Image021 Approaching Waun Fach summit by Emma Kendon, on Flickr

Image022 Morning coffee at the top by Emma Kendon, on Flickr

A top in a pandemic, not a dramatic top, not a particularly challenging walk, but higher than at home and yet with appallingly little wildlife I was finding bitter-sweet. Odd sensation, one of many, and of course the overriding feeling was how lucky I was.

I did take panos from here and they're on Flickr, but the top is so flat they're a bit pointless (no pun intended) to pop in here. Though now I've said that I realise I have to give an example or two:

Image030 SW towards Merthyr Tydfil by Emma Kendon, on Flickr

Image029 SE pointy Sugar Loaf above Abergavenny by Emma Kendon, on Flickr

So, after second coffee and a handful of almonds, I headed down.

Image032 My way back down via Pen Trumau by Emma Kendon, on Flickr

With lockdown legs, although it was a shame not to have slotted in a real mountain adventure, the ease of descent had its attractions. There was time just to take in what was coming up. The first thing coming up was a person, keeping to the lower contour and sharing a silent greeting raise of the hand with me, just the kind of human it was a pleasure to see. He was followed by a hag. (By which I mean I then saw my first peat hag for months too.)

Image033 A person by Emma Kendon, on Flickr

Image035 First peathag since lockdown by Emma Kendon, on Flickr

Image034 Pen Y Fan vista for descent by Emma Kendon, on Flickr

There were no plover of course, no greenshank, no eagles, no froglets, no harrier, but "here, hare, here" (to steal from Withnail & I), and wheatear, buzzard, kestrel and a probably inevitable Welsh pony I believe.

Image036 Wheatear by Emma Kendon, on Flickr

Image037 Buzzard by Emma Kendon, on Flickr

Image040 Pony zoom by Emma Kendon, on Flickr

A brief study in trees...

There's currently around 1.5 million ha of conifer plantation in the UK, some with firecrests and crossbills thriving in it, or with capercaillie maybe, much with very little living there beside the cash crop. I'd like to find one with goshawk and nightjar, black grouse and hen harrier. This one, from this distance, looked probably rubbish, e.g. Corsican pine. Jury's out on whether fast-growing conifers are any kind of solution for carbon capture, meanwhile...

Image043 A study in trees by Emma Kendon, on Flickr

By now there were a few more people trickling up Rhiw Trumau, though not necessarily heading on up to Waun Fach - there was another low contour route which went round the hill and then led I know not where. But I still had big long stretches to myself with more wheatear, goldfinch, swallow, butterflies and a sweet scent of bracken.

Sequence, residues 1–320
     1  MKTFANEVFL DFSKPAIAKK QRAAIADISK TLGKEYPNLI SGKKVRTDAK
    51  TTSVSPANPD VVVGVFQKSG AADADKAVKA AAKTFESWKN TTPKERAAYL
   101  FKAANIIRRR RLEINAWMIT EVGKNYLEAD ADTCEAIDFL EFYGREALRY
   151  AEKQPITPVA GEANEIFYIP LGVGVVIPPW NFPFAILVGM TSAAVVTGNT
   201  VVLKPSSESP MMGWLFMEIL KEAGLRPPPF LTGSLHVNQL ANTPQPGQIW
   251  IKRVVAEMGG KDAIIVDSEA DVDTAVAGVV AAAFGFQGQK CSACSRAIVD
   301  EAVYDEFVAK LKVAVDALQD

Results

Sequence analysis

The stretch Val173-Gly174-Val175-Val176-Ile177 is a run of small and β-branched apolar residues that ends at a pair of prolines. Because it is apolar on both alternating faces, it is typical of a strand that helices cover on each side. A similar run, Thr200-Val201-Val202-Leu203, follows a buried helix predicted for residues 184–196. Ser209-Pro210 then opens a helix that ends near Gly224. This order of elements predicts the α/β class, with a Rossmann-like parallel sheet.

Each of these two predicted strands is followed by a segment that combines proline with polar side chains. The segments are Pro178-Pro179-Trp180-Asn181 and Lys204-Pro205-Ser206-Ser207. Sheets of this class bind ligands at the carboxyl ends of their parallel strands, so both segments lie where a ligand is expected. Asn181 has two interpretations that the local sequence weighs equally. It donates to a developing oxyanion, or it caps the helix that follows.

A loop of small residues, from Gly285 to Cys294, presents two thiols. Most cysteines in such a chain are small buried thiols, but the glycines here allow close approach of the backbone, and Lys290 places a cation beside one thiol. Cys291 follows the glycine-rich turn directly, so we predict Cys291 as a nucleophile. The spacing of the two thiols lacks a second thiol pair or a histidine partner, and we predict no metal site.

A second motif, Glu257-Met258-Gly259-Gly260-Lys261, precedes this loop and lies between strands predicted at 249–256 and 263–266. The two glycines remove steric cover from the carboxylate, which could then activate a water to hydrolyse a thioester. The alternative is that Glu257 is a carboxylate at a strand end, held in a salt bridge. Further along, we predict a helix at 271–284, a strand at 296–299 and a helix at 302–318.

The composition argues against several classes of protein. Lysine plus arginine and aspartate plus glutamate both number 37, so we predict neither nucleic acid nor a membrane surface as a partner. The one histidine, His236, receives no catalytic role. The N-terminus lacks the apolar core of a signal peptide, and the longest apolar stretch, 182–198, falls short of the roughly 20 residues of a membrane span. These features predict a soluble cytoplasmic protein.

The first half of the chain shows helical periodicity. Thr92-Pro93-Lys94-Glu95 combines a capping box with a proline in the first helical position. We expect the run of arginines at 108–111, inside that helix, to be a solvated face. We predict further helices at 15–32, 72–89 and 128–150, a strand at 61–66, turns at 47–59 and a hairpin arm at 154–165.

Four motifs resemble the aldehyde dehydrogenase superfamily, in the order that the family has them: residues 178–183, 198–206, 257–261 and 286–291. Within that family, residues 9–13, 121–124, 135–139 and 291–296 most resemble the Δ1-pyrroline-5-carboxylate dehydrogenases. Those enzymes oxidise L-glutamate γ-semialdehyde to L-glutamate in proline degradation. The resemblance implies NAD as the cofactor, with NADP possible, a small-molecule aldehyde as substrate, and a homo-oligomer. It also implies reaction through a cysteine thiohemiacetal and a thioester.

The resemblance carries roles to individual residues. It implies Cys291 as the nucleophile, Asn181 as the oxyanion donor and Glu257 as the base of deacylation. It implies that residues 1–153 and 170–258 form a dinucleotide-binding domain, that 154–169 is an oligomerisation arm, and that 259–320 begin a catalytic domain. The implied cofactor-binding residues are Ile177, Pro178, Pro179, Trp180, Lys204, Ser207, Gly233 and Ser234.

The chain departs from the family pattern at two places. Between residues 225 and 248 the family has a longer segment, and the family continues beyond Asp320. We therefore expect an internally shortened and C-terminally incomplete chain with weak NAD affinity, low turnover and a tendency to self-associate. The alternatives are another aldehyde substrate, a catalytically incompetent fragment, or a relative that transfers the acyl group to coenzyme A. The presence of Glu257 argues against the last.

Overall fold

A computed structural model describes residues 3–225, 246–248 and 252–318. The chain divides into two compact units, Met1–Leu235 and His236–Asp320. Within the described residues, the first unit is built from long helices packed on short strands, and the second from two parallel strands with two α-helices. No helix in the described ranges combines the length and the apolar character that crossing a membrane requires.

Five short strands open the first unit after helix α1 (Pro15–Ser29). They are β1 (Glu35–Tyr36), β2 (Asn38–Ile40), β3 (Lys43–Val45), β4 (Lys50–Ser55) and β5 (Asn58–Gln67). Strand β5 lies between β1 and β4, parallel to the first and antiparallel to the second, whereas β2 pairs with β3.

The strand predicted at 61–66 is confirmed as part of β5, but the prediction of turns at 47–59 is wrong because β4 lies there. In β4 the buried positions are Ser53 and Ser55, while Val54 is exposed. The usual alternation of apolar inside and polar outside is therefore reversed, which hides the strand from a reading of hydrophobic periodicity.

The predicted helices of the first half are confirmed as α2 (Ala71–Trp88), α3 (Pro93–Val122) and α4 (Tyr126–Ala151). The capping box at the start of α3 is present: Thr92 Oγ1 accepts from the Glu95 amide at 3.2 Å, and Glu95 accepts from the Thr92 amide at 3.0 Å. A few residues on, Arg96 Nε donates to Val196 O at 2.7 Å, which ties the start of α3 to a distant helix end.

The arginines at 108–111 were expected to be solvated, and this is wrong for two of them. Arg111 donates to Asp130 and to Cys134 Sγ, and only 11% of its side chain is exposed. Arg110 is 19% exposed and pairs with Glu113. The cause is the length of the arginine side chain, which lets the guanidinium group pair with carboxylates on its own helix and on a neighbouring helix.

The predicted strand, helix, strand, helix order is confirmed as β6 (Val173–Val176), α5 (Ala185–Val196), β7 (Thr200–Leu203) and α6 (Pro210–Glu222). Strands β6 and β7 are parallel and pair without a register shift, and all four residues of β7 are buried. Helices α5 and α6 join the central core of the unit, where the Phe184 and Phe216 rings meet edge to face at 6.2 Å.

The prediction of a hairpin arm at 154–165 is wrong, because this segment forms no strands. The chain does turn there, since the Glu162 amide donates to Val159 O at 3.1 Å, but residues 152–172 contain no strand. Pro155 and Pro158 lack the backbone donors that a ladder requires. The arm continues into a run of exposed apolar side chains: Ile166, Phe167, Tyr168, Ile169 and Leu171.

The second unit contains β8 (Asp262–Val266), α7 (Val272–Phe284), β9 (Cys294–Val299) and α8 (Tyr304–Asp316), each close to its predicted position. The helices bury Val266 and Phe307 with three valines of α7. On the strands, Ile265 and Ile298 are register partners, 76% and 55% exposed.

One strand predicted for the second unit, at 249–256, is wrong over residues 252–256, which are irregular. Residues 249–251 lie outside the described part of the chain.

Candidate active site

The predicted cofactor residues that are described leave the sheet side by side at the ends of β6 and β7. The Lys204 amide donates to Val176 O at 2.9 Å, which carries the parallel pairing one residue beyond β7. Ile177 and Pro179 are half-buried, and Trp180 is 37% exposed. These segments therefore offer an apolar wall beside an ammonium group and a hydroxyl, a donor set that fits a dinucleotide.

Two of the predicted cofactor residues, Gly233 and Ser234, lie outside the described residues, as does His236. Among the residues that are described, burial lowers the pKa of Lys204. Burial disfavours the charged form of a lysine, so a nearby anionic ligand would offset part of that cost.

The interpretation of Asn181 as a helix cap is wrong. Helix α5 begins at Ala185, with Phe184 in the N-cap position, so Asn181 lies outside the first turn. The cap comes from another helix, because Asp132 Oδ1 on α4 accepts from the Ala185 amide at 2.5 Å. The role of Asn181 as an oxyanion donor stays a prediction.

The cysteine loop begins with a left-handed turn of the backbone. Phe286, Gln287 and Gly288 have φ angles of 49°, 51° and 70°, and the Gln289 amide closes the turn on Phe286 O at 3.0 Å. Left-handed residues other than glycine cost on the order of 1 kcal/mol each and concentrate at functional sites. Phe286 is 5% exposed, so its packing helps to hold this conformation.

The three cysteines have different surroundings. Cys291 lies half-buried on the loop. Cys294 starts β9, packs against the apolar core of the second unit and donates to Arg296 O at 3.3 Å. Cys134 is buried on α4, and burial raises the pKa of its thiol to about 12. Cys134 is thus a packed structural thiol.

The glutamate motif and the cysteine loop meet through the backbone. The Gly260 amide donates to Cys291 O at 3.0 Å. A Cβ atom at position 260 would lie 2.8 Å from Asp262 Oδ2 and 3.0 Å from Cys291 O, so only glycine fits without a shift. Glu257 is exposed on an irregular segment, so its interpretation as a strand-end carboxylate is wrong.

Image048 Meadow brown by Emma Kendon, on Flickr

Image053 Sickly sweet smell of bracken by Emma Kendon, on Flickr

Down at valley-level, it was a walk back through wooded sunken paths and little winding lanes until the wooden steps reappeared to take me back to the carpark, where my car now had some company.

The gory history

Castell Dinas, where my mini-journey began, passed into the de Braose dynasty in 1125 and their power grew throughout this whole area of the Welsh Marches (amongst others) as highly favoured allies of each subsequent monarch. The relationship fell apart spectacularly during the time of William de Braose, 4th Lord of Bramber (Bramber's near me in Sussex, where the castle is in a similar state of ruin). He was a court favourite of horrible King John and it's not really known why they fell out, but it might have been his wife Maud annoying John by making it known she believed he'd ordered the death of the young contestant to John's throne.

John took all William's castles and William fled to France where he was hanged. But Maud and their eldest son were imprisoned and left to starve to death. There's even record of Maud having eaten the flesh of her son's cheeks. (Histoire des Ducs de Normandie et des Rois d'Angleterre, pp.112-5)

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Location: was West Sussex, now Ayrshire